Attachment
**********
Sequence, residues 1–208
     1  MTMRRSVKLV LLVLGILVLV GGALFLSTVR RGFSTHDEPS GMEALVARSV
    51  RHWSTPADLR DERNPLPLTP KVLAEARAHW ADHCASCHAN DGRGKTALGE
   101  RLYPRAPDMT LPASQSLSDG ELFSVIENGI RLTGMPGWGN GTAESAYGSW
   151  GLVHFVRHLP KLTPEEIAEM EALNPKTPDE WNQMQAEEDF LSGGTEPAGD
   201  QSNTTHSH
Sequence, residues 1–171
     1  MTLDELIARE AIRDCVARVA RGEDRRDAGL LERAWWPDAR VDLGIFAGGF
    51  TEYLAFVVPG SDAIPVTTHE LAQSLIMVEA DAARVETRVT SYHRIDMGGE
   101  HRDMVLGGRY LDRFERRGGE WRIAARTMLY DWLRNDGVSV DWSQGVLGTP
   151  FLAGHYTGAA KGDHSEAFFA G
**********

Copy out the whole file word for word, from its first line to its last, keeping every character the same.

Sequence, residues 1–208
     1  MTMRRSVKLV LLVLGILVLV GGALFLSTVR RGFSTHDEPS GMEALVARSV
    51  RHWSTPADLR DERNPLPLTP KVLAEARAHW ADHCASCHAN DGRGKTALGE
   101  RLYPRAPDMT LPASQSLSDG ELFSVIENGI RLTGMPGWGN GTAESAYGSW
   151  GLVHFVRHLP KLTPEEIAEM EALNPKTPDE WNQMQAEEDF LSGGTEPAGD
   201  QSNTTHSH
Sequence, residues 1–171
     1  MTLDELIARE AIRDCVARVA RGEDRRDAGL LERAWWPDAR VDLGIFAGGF
    51  TEYLAFVVPG SDAIPVTTHE LAQSLIMVEA DAARVETRVT SYHRIDMGGE
   101  HRDMVLGGRY LDRFERRGGE WRIAARTMLY DWLRNDGVSV DWSQGVLGTP
   151  FLAGHYTGAA KGDHSEAFFA G